8 08 2016


We all need the human touch! In a day where social media has reached a level that
has soared beyond the wildest of imaginations; intimate communication is grossly lacking the necessary personal connection. Texting doesn’t replace talking while making eye contact. Facebook can become an avenue where many portray an overly positive facade that offers more fiction than fact. Twitter is reduced to trying to say everything you long to express in 140 characters or less. And we have all witnessed the new phenomena: whole families can be out together without ever talking to one another! From Dad and Mom to the youngest child, each one is glued to their own smart phones, tablets, computers and other various gadgets. They might appear to be sharing space but they never get close to the heart of what matters most. Life is always all about relationships. Our most important one is with God and then our concentration on building healthy ones with one another.

 I think the whole “selfie” concept that so permeates our society has complicated our need to shake the temptation to be egocentric. I found a contraption in the church office the other day that I thought was something to retrieve golf balls that got stuck in the deeper water but it turned out to be what is called a “selfie stick!” I had to shake my head in amazement. Don’t you think that Mr. Kodak or Mr. Polaroid had something other in mind when they designed their cameras? In almost every healthy connection, those involved must be looking out rather than just trying to discover the best ways to manipulate and use others to meet their own needs. I got a note on Twitter that I could actually buy “followers.” I didn’t get it! Why would you want impersonal fans that have no real interest in developing a genuine friendship? Just because you have over 4000 Facebook friends, doesn’t mean that you are close to all of them if you are to even any of them! And on Facebook, you can totally portray an image that isn’t close to the real you at all! How many people could you say really know you? How many others do you truly know? When you venture out into a social situation, are you initiating genuine conversations or are you content to remain safe in surface land?

 I know many of us have been burned and abandoned by those human beings we trusted and it can be very scary to take the chance to be open and vulnerable again. But God didn’t make us to be solo acts. We thrive in community and we are at our best in doing all the “one another’s” that Scripture teaches us. Love one another and pray for one another and rejoice with one another and weep with one another. God set us the example when he modeled for us the best way to express that we want to let others know how incredibly special they are. Jesus came from Heaven and moved right into our neighborhood. He became one of us and pitched his tent in the not so positive confines of human hearts. He did what he did to show us that the greatest love of all kind is to sacrifice and lay down your very life for another. Unfortunately today, rather than taking a bullet for brother or sister, we are the ones left holding the smoking gun.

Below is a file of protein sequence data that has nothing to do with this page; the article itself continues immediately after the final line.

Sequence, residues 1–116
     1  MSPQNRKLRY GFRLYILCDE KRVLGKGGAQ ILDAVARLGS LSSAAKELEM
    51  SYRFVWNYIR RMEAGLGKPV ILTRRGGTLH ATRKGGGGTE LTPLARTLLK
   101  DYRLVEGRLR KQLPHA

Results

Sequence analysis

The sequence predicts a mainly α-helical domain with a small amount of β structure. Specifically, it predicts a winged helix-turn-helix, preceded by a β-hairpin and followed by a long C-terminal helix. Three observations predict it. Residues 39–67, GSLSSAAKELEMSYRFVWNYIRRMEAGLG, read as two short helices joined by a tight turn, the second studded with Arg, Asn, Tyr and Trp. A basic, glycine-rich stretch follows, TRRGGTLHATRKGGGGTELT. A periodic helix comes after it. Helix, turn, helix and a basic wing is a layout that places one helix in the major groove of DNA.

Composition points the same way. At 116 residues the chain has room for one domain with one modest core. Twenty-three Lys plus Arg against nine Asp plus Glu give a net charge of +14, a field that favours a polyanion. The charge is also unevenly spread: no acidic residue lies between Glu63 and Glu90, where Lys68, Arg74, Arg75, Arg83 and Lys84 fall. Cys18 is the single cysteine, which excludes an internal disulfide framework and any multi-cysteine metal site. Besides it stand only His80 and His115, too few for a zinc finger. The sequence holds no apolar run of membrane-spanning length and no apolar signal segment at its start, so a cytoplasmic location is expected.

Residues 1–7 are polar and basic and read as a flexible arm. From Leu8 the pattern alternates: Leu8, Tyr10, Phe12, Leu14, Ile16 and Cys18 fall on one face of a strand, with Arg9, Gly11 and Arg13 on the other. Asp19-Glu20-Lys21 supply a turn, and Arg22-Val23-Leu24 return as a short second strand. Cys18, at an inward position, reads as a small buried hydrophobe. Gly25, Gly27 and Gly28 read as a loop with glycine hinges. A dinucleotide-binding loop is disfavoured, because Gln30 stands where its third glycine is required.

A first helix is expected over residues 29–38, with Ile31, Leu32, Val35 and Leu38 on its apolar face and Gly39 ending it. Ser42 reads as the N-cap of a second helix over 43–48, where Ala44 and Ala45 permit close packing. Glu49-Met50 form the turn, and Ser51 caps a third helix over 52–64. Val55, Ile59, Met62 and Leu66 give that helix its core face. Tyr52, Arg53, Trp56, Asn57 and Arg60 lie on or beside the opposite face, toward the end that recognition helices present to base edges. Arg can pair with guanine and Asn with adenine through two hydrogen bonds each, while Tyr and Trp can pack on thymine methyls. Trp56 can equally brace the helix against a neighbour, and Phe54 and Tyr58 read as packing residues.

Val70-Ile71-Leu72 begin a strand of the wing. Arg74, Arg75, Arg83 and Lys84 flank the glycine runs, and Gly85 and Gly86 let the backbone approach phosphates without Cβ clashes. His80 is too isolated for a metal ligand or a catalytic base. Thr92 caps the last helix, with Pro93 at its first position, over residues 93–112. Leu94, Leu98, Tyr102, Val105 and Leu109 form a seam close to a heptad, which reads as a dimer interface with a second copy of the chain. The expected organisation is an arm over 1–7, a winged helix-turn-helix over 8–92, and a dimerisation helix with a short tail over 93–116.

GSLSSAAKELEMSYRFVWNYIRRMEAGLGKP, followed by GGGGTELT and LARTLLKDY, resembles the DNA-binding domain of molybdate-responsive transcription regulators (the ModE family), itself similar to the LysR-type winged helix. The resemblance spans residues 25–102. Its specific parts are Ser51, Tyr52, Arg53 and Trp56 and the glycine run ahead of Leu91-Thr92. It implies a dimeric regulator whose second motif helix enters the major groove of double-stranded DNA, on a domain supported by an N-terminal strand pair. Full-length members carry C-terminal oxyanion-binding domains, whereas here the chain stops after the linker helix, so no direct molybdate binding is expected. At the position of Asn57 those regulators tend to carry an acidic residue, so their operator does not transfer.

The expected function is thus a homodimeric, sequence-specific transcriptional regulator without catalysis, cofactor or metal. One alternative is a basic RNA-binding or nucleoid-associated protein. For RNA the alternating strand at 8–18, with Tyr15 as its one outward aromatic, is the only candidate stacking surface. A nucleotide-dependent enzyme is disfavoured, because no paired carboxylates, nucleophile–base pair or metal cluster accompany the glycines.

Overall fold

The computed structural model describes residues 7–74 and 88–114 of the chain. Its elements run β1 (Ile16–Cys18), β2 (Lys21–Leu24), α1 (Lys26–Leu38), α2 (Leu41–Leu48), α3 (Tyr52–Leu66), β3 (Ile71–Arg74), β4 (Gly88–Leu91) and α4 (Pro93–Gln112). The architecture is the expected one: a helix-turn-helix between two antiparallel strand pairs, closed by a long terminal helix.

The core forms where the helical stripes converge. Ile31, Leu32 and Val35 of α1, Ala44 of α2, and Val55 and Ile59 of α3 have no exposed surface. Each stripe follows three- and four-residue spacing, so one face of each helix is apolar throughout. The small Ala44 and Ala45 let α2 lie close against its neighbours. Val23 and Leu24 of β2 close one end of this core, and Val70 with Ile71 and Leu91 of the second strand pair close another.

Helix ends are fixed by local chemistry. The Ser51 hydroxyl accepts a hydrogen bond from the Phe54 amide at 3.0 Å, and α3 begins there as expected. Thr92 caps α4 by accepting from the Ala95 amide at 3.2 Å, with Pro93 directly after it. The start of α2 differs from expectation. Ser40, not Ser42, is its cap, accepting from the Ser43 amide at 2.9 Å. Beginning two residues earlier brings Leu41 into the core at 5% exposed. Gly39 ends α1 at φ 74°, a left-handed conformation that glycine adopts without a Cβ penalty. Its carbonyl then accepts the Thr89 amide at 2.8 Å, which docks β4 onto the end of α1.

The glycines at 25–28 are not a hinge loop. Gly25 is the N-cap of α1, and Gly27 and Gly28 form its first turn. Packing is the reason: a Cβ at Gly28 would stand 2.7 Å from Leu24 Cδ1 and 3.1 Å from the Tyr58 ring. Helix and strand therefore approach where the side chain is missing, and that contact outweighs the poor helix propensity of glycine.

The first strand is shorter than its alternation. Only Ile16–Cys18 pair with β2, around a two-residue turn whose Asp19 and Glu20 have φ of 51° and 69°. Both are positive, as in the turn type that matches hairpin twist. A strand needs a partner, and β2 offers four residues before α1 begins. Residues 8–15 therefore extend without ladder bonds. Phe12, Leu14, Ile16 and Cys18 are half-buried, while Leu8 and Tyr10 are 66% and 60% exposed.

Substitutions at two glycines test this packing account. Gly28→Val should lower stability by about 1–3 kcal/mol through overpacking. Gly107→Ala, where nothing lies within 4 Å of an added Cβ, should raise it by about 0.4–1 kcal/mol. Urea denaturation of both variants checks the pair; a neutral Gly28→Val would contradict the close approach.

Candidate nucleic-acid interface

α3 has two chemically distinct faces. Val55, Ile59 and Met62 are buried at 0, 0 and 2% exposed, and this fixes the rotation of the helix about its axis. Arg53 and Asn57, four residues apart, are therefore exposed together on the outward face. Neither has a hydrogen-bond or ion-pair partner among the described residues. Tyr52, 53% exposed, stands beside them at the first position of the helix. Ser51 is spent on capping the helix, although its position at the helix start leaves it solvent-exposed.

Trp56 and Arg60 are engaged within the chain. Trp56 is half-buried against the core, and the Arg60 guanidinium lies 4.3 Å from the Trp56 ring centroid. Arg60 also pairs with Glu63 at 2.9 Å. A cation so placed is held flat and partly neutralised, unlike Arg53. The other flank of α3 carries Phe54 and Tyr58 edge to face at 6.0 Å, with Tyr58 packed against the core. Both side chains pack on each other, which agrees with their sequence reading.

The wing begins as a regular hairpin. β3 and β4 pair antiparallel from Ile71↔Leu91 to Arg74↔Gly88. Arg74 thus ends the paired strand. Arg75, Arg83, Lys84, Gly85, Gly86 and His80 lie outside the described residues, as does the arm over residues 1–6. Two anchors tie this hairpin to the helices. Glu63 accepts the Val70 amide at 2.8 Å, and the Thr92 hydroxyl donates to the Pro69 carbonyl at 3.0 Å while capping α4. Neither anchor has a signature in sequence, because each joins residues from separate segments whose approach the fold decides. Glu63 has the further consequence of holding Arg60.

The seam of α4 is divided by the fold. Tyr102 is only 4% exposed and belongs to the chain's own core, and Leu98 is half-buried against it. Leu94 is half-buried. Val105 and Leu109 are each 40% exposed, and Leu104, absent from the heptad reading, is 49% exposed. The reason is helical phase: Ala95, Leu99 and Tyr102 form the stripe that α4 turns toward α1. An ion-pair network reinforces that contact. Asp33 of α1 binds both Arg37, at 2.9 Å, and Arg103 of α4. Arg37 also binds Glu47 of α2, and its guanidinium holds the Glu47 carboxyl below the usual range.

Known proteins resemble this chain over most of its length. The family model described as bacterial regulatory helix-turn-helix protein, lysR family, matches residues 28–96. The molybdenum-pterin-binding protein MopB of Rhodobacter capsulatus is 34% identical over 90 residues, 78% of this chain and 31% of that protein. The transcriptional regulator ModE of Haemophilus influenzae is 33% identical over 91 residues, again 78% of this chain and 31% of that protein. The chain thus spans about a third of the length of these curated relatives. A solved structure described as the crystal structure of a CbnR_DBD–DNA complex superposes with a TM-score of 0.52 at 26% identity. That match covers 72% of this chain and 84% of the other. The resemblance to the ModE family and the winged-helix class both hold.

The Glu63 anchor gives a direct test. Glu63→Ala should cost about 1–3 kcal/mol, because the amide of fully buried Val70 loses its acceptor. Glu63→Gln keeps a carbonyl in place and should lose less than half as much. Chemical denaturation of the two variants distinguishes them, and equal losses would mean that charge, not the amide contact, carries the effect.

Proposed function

We all need true friends! Notice, I didn’t say best friends because sometimes those people you have labeled your best buddies aren’t all that good for you after all! If you fall, who will be there to help you get back up? If your companion stumbles as they run their race, could they count on you to carry them to the finish line if need be? Remember that the Bible never says only the ones who finish first will get into glory! Graduation is set for everyone who runs life’s race to completion. This means that we can assist one another in the journey. Life here is not a competition as much as it is a lesson in holy connection. Your stuff will not make it past your last breath. What would you say is the priority in your heart today, your property or the people that God has put all around you?